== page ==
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10 jobs that didn’t exist 10 years ago

With jobs in technology set to burgeon exponentially over the next 30 years, Fire Tech has put together a list of ten jobs that exist now that didn’t exist ten years ago.

1. Interactive Infographics Designer

More than simply computer graphics, this role involves communicating aggregated data in visual form. Hugely creative, designers bring clarity to sets of numbers and, using 2D & 3D graphics, present them in informative and interesting designs. Information is Beautiful offers a great insight into the power of data visualisation (data viz). Building confidence in Adobe Creative Cloud’s suite of software is a very good place for kids to start.

2. Immersive Experience Designer

Technology is all pervasive and, as such, content and communications now need to run across all types of media channels from film, to interactive media, to even live audiences. ‘Omnichannel’ is the new term for cross-channel strategies which organisations apply to improve a user’s experience of their services, content and programmes. How to get involved? By increasing skills in all types of media, grow a love of communication and a knowledge of the impact of social media.

3. App Developer

Video & music streaming and social media consistently come top of the most popular apps listicles. Apps have radically altered consumer services – Uber lifts and food services and Cash App for mobile money transfers between users. Rarely creating one’s own app ideas, developers need to be good at listening to clients, working in teams and pre-empting user engagement. Young people require solid programming and problem-solving skills with a thirst for knowledge – this is a fast-changing technological landscape.

4. Virtual and Augmented Reality Engineer

Pokémon GO led the way for real-time, mass engagement in AR. Using tracking and data capture, this growing area of computer vision is set to influence many industry sectors including education and medicine. What skills are required? A strong graphic focus, a superb grasp of the 3D development platform Unity and text-based programming in C#.

5. Embedded Software Engineer

Internet of Things (IoT) is as it sounds – a connected world of things (objects) over the internet. Transferring data, ‘smart’ appliances such as fridges restock themselves by placing food orders and heating systems read weather data and respond to predicted changes in temperature. Budding Engineers need a strong understanding of electronics including circuit design and microcontrollers, computer programming as well as design skills in user interface and/or products. Watch how IoT could play out in real life.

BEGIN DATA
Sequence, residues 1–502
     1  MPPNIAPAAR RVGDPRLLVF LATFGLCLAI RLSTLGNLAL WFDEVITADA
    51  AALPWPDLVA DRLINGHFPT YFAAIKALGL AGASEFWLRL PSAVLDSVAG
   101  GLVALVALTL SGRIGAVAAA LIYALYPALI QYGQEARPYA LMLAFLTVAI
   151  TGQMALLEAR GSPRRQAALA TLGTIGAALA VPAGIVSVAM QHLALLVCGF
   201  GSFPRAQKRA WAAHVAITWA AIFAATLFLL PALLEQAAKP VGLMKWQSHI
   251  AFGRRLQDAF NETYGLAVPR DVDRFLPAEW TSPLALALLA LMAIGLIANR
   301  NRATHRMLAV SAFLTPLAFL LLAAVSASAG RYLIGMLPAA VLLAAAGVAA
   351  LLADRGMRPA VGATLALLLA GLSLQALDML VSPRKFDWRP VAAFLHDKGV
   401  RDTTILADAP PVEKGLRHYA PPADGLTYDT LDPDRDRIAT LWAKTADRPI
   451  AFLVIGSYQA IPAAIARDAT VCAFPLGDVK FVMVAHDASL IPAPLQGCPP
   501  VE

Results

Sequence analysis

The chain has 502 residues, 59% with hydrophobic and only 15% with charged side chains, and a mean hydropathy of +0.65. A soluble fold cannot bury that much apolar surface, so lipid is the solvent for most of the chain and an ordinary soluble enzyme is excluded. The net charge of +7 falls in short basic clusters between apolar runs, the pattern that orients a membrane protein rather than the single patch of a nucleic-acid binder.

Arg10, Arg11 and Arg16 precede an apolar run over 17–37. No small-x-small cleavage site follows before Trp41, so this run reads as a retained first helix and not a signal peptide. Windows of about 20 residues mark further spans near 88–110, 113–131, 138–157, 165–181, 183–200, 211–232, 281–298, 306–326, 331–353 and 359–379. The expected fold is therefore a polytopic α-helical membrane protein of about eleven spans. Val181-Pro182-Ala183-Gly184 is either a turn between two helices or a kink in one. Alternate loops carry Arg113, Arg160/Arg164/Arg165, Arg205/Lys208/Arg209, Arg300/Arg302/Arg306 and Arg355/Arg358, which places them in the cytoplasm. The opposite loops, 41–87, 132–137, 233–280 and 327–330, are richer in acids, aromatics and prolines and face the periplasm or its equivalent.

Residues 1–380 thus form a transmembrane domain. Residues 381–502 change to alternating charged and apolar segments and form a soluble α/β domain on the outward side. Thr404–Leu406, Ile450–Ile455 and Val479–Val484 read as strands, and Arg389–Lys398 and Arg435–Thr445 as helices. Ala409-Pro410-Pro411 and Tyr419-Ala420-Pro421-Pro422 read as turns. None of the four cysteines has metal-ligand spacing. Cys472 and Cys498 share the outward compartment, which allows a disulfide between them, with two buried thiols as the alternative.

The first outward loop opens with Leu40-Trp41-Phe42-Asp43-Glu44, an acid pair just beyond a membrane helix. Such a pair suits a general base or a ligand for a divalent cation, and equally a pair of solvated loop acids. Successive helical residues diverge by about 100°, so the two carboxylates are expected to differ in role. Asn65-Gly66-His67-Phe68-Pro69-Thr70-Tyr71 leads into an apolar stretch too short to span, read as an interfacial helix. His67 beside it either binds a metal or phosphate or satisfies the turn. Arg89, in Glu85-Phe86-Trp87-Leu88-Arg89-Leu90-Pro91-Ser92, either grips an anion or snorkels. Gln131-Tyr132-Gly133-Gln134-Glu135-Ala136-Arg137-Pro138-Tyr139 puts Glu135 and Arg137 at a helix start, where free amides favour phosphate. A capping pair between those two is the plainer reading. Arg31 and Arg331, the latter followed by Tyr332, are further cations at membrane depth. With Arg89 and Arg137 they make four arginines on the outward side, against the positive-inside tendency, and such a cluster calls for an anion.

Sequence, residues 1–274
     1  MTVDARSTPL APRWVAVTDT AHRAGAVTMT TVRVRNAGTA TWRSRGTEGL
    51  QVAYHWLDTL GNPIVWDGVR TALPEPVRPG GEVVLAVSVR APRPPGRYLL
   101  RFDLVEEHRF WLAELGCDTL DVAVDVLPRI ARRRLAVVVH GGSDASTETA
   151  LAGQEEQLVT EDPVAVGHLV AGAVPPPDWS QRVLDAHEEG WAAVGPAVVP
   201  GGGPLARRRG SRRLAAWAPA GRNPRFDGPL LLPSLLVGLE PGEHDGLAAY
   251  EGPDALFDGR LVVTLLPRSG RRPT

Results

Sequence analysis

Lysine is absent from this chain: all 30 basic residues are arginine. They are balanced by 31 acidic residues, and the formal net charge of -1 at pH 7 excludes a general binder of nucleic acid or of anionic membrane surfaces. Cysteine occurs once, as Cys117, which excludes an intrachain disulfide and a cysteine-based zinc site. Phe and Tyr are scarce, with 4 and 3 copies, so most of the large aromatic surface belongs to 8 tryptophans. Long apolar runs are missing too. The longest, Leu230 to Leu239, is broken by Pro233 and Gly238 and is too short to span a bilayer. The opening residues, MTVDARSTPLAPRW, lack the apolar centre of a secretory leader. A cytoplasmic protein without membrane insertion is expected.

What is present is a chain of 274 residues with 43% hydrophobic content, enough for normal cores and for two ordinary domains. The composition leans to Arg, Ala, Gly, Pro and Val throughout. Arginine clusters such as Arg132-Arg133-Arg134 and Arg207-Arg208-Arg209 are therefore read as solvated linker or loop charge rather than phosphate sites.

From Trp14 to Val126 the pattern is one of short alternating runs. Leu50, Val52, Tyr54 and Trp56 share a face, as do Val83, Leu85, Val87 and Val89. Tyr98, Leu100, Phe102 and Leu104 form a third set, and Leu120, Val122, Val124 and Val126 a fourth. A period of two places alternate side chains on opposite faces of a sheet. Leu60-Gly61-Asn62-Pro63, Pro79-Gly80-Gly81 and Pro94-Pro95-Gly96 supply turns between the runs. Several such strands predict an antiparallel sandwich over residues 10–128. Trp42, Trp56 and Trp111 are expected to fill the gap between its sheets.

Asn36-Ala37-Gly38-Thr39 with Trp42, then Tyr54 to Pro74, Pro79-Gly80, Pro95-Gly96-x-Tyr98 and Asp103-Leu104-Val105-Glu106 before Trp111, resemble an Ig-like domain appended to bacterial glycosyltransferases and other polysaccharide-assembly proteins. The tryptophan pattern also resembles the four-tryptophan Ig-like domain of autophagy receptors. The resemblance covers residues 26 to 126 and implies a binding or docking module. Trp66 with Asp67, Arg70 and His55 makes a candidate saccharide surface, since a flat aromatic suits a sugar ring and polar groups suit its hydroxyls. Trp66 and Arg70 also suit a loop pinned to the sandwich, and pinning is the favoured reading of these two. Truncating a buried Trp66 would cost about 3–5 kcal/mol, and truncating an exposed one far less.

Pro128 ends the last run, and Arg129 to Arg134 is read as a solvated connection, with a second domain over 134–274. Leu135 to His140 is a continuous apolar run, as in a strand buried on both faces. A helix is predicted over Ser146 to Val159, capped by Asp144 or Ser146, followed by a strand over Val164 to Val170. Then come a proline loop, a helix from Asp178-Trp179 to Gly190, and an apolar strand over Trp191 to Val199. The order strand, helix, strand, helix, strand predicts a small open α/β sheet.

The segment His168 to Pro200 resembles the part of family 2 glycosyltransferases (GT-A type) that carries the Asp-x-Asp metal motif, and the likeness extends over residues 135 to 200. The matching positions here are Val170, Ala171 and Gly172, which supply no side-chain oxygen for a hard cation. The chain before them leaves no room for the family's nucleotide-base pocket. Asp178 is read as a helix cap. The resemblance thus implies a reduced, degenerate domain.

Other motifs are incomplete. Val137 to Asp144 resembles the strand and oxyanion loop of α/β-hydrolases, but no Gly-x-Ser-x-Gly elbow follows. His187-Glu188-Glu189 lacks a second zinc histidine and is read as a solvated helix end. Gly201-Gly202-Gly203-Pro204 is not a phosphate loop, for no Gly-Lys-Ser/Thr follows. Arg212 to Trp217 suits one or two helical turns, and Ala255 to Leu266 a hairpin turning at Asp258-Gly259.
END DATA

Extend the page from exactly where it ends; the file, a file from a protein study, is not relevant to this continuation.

6. Social Media Analyst

All things online, these modern-day analysts study activity across various online channels and observe how social platforms are used. Superb communicators with an interest in marketing and business, this role involves examining data to help improve an organisation’s performance, improve awareness of a brand or a firm’s reputation online (think Royal Family!).

7. Vlogger or YouTuber

They used to want to be popstars but now young people aspire to become stars of the very small screen. Vlog is short for video blog (or video log) – an online video or web television diary with the regular release of a person’s biographical information. Peppered with product placements, doubters may not feel this is a worthy career but the salary levels achieved by successful vloggers indicates the power of social media to drive commerce.

8. Data Scientist

With the onset of technologies such as sensors and cloud computing, data is drawn from a vast array (did you see what we did there?) of places. Often with a background in programming or maths and an interest in statistics, data scientists collect and analyse data. Big Data is big business. Watch the video below showing the day in the life of a data scientists.

9. Unmanned Aerial Systems (UAV) Operator

From being a gunner for the British Armed Forces to a pilot, of sorts, in the Royal Air Force, drone operators do much more than shoot films. For instance, Natural Water uses camera imaging techniques on onshore and offshore wind farms. UAVs are relatively inexpensive and a far safer way to carry out surveillance and inspections. Professional operators need to be over 18, gain a certificate from the UK Civil Aviation Authority and, to get on, need a good understanding of hardware.

10. Teacher of Computer

The Royal Society’s 2012 report Shut Down or Restart was a damning account of the provision of computing education in the UK which influenced government education policy. Since then, thousands of individuals have been trained to teach the young the science of Computing. Referred to as the silent ‘C’ in STEM (Science, Technology, Engineering & Maths), more educators need to build their confidence in Computing to fill the current teaching gap.

Keep your young ones ahead of the game. Fire Tech’s 2020 programmes reflects the demand for expertise in physical computing, programming, computer vision such as Augmented Reality (AR) and Virtual Reality (VR) and computer graphics. Interpersonal skills are also growing in importance and Fire Tech is addressing this through its Digital Leadership initiative.